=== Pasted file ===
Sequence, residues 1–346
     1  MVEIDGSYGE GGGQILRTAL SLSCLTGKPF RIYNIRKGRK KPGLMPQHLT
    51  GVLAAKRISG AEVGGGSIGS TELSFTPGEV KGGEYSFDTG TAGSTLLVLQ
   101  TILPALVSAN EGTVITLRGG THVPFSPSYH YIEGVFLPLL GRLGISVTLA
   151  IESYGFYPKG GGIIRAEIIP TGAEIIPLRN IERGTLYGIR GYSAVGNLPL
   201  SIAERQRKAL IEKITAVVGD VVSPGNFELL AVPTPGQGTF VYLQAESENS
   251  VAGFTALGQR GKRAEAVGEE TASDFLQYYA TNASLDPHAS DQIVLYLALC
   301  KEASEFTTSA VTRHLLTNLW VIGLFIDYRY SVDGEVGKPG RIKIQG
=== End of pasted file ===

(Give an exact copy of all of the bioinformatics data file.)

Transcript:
Sequence, residues 1–346
     1  MVEIDGSYGE GGGQILRTAL SLSCLTGKPF RIYNIRKGRK KPGLMPQHLT
    51  GVLAAKRISG AEVGGGSIGS TELSFTPGEV KGGEYSFDTG TAGSTLLVLQ
   101  TILPALVSAN EGTVITLRGG THVPFSPSYH YIEGVFLPLL GRLGISVTLA
   151  IESYGFYPKG GGIIRAEIIP TGAEIIPLRN IERGTLYGIR GYSAVGNLPL
   201  SIAERQRKAL IEKITAVVGD VVSPGNFELL AVPTPGQGTF VYLQAESENS
   251  VAGFTALGQR GKRAEAVGEE TASDFLQYYA TNASLDPHAS DQIVLYLALC
   301  KEASEFTTSA VTRHLLTNLW VIGLFIDYRY SVDGEVGKPG RIKIQG